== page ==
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Gabriel PIERNÉ (1863-1937)
Piano Quintet in E minor, Op. 41 [40:13]
Louis VIERNE (1870-1937)
String Quartet in D minor, Op. 12 [23:08]
Piers Lane (piano)
Goldner String Quartet
rec. 8-10 May, 2013, Potton Hall, Dunwich, Suffolk, UK
HYPERION CDA68036 [63:21]

Gabriel Pierné and Louis Vierne are two of the best and most underrated of French composers. Each thrived from around the turn of the century, both died in 1937 - the same year as Maurice Ravel and Charles-Marie Widor. They were both better-known as performers: Pierné as a conductor and Vierne as one of the most celebrated organists of all time. This disc, in conjunction with some other recent releases, makes a strong case for their importance and their legacies.
 
The big piece is Pierné’s piano quintet, with three sprawling movements that sometimes call to mind Franck. The first movement is a slow(ish) one which focuses on an insistent repeating figure, developing themes over it in a trancelike fashion. The fact that Pierné is able to sustain drama and narrative tension this way over thirteen minutes is remarkable, let alone that he channels Franck’s penchant for dark intensity. The contrasting second movement is a Zortzico dance, genial and charming, and a little topsy-turvy since parts are in 5/8 and later 20/8 (!) time. The finale somehow manages the crazy trick of bringing these two divergent moods together into a seamless whole.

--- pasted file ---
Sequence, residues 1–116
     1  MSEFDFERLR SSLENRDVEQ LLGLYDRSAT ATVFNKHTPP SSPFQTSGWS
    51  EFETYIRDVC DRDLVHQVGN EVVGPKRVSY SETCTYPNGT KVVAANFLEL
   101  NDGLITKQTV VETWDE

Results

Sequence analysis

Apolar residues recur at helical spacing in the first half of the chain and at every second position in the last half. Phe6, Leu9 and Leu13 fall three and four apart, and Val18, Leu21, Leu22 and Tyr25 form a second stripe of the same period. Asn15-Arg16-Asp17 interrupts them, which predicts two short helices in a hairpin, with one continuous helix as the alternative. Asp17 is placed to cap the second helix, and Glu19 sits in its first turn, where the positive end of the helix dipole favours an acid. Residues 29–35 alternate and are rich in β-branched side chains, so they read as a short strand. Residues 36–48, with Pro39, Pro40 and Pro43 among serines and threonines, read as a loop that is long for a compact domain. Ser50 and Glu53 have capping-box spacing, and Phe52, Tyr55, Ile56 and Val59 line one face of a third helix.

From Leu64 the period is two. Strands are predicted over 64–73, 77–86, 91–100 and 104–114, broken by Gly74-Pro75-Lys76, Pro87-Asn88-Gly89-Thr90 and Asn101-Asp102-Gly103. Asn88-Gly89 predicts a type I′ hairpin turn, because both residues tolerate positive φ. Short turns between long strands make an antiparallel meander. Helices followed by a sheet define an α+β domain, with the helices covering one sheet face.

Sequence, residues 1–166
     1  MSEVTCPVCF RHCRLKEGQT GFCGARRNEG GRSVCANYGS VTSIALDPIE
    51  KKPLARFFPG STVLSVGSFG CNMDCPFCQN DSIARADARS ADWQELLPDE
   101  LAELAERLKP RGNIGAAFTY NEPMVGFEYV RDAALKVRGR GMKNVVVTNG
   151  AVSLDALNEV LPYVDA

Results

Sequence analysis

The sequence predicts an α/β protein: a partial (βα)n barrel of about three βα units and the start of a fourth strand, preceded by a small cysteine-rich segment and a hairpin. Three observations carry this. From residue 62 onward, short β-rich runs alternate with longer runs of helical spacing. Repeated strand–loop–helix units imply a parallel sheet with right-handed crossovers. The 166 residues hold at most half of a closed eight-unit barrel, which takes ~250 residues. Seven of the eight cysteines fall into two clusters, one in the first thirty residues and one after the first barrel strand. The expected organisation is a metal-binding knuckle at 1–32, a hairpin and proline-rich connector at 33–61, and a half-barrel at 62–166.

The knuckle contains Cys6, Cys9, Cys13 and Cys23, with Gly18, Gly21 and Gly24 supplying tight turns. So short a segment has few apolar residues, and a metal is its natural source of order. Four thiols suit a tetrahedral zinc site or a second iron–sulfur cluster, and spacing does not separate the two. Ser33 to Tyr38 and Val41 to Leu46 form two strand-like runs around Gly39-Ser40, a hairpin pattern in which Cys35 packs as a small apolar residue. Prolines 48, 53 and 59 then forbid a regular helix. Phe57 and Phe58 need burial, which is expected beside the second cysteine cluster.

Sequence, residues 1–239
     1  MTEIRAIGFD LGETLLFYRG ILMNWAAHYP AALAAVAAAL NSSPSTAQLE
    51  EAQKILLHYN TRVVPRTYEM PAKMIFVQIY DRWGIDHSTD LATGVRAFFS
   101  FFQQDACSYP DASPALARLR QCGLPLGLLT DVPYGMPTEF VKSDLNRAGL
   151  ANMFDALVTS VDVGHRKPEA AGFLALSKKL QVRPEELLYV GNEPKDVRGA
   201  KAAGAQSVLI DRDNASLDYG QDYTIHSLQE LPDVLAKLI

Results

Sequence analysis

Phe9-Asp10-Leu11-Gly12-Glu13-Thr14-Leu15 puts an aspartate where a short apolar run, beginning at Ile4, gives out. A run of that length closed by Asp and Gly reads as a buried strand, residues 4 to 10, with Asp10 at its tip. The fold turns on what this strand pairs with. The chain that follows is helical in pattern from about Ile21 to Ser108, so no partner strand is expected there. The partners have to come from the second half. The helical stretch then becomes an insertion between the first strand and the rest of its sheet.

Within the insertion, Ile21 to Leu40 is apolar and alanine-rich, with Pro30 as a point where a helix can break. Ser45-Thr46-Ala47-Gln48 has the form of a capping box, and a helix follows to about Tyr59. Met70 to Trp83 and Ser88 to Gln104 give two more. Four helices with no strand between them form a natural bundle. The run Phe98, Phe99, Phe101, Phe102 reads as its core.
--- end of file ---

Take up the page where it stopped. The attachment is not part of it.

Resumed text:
It’s hard to compare Pierné’s style to other composers’; he’s unique. It’s hard to compare his piano quintet, too, because I’ve never heard another piece like it. This is a composer with a voice all his own. If you like this work, you’ll be ready to move on to his hour-long ballet Cydalise, available on Timpani with the Luxembourg Philharmonic. Cydalise is a masterpiece and incredibly fun, a piece I listen to and enjoy as much as Daphnis et Chloé or Bacchus et Ariane. Cydalise has everything: breathless love songs, winking flute banter, a madcap romp of a “dance lesson,” and a ballet-within-the-ballet parodying Renaissance styles.
 
Louis Vierne’s string quartet feels like an orchestral work that’s been reduced. You can just hear the full roar of the orchestra in some of the passages: the Sturm-und-Drang themes, violent climaxes, and rather generalized writing for each instrument all just beg for massed strings, low woodwinds, growling timpani. The big build-up three minutes into the first movement feels especially like a symphonic tutti. A whole lot happens, for a work that’s barely over twenty minutes, including a final fugue.
 
The Goldner String Quartet are on the edge of their seats, and in the quartet probably the edge of their techniques (remember, Vierne was not a string writer), but they can breathe more easily in the big Pierné piece, where the challenges come in making the huge work flow seamlessly and expressively. This I’ll judge a success, with much credit due to Piers Lane for his handling of the piano part.
 
Vierne’s quartet would probably be more famous if it were a short symphony. Pierné’s quartet is kept in obscurity by its difficulty and size, so I’m thankful to have a recording as capable and dedicated as this one. The recording venue, Potton Hall, is up to its usual high standards, as are its engineers and Hyperion’s booklet. I enjoyed this ear- and mind-bending programme quite a lot.
 
Brian Reinhart